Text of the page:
Remote hearings questioned as long-term option for family courts
Remote hearings should not necessarily be seen as a long-term option for the family courts, a leading judge has warned….More
Campaigners have called on the government to make oral wills legal during the coronavirus pandemic, just as they would be in some wartime scenarios.
Among those spearheading the campaign are businesswoman Gina Miller and human rights advocate Baroness Helena Kennedy QC.
The request comes amid ongoing concerns that existing rules, which stipulate wills must be in writing and signed by two independent witnesses, are incompatible with social distancing measures.
Miller said: “We cannot allow existing rules about the drafting and witnessing of wills, which are sensible and proportionate in peacetime, to preclude people making adequate provision for those they leave behind. There may be those who say oral wills will be open to abuse, but modern technology allows encryption and other online security measures, to address and minimise these risks.”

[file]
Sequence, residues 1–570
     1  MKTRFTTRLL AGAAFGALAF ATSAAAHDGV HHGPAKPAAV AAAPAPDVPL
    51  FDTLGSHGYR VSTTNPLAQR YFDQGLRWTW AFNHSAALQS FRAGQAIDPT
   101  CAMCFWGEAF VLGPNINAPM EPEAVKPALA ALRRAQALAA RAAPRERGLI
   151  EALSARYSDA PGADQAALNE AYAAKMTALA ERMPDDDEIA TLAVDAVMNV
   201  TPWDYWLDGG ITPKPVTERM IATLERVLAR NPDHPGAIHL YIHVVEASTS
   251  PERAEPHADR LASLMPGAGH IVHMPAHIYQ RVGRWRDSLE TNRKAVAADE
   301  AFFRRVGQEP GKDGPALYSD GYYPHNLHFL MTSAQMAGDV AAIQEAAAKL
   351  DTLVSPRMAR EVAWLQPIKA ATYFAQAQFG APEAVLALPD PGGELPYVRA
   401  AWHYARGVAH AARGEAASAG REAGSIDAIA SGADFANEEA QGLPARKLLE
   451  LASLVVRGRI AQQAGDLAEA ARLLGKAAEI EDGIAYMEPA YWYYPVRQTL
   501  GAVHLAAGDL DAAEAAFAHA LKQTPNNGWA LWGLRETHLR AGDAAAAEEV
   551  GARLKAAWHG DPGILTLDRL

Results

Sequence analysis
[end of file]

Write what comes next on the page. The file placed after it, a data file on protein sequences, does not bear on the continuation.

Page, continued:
Kennedy added: “We should learn lessons from the bedside wills that an earlier generation of heroes were able to benefit from during the Second World War. This generation is no less valiant, or deserving of the dignity and peace of mind that putting their affairs in order will bring.”
Under existing rules a will needs to be witnessed by two people who are not its beneficiaries. However, the Wills Act 1837 contains provisions for the “privileged will”, which in certain circumstances allows members of the armed forces to make a written or oral will without witnesses.
The Ministry of Justice (MoJ) is currently assessing potential options regarding wills, including the use of video witnessing.